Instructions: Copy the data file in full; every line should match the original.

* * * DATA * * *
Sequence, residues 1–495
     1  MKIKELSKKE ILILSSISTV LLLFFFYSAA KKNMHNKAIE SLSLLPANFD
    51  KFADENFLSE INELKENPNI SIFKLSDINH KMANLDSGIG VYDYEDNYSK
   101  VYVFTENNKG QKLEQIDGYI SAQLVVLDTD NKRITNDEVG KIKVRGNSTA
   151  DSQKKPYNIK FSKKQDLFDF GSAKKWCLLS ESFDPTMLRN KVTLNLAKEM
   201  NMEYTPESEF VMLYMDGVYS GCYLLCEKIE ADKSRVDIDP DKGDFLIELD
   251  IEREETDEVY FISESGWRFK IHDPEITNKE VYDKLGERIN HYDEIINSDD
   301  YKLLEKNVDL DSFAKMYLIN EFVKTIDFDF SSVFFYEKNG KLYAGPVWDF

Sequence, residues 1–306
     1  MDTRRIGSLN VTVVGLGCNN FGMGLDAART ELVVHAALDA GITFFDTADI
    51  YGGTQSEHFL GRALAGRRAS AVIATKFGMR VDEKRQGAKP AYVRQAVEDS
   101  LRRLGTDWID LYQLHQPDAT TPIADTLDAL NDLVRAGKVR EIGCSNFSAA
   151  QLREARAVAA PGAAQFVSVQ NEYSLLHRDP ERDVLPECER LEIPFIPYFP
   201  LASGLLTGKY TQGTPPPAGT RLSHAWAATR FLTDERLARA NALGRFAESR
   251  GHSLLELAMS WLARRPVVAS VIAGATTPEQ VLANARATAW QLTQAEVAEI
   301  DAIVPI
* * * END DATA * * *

Sequence, residues 1–495
     1  MKIKELSKKE ILILSSISTV LLLFFFYSAA KKNMHNKAIE SLSLLPANFD
    51  KFADENFLSE INELKENPNI SIFKLSDINH KMANLDSGIG VYDYEDNYSK
   101  VYVFTENNKG QKLEQIDGYI SAQLVVLDTD NKRITNDEVG KIKVRGNSTA
   151  DSQKKPYNIK FSKKQDLFDF GSAKKWCLLS ESFDPTMLRN KVTLNLAKEM
   201  NMEYTPESEF VMLYMDGVYS GCYLLCEKIE ADKSRVDIDP DKGDFLIELD
   251  IEREETDEVY FISESGWRFK IHDPEITNKE VYDKLGERIN HYDEIINSDD
   301  YKLLEKNVDL DSFAKMYLIN EFVKTIDFDF SSVFFYEKNG KLYAGPVWDF

Sequence, residues 1–306
     1  MDTRRIGSLN VTVVGLGCNN FGMGLDAART ELVVHAALDA GITFFDTADI
    51  YGGTQSEHFL GRALAGRRAS AVIATKFGMR VDEKRQGAKP AYVRQAVEDS
   101  LRRLGTDWID LYQLHQPDAT TPIADTLDAL NDLVRAGKVR EIGCSNFSAA
   151  QLREARAVAA PGAAQFVSVQ NEYSLLHRDP ERDVLPECER LEIPFIPYFP
   201  LASGLLTGKY TQGTPPPAGT RLSHAWAATR FLTDERLARA NALGRFAESR
   251  GHSLLELAMS WLARRPVVAS VIAGATTPEQ VLANARATAW QLTQAEVAEI
   301  DAIVPI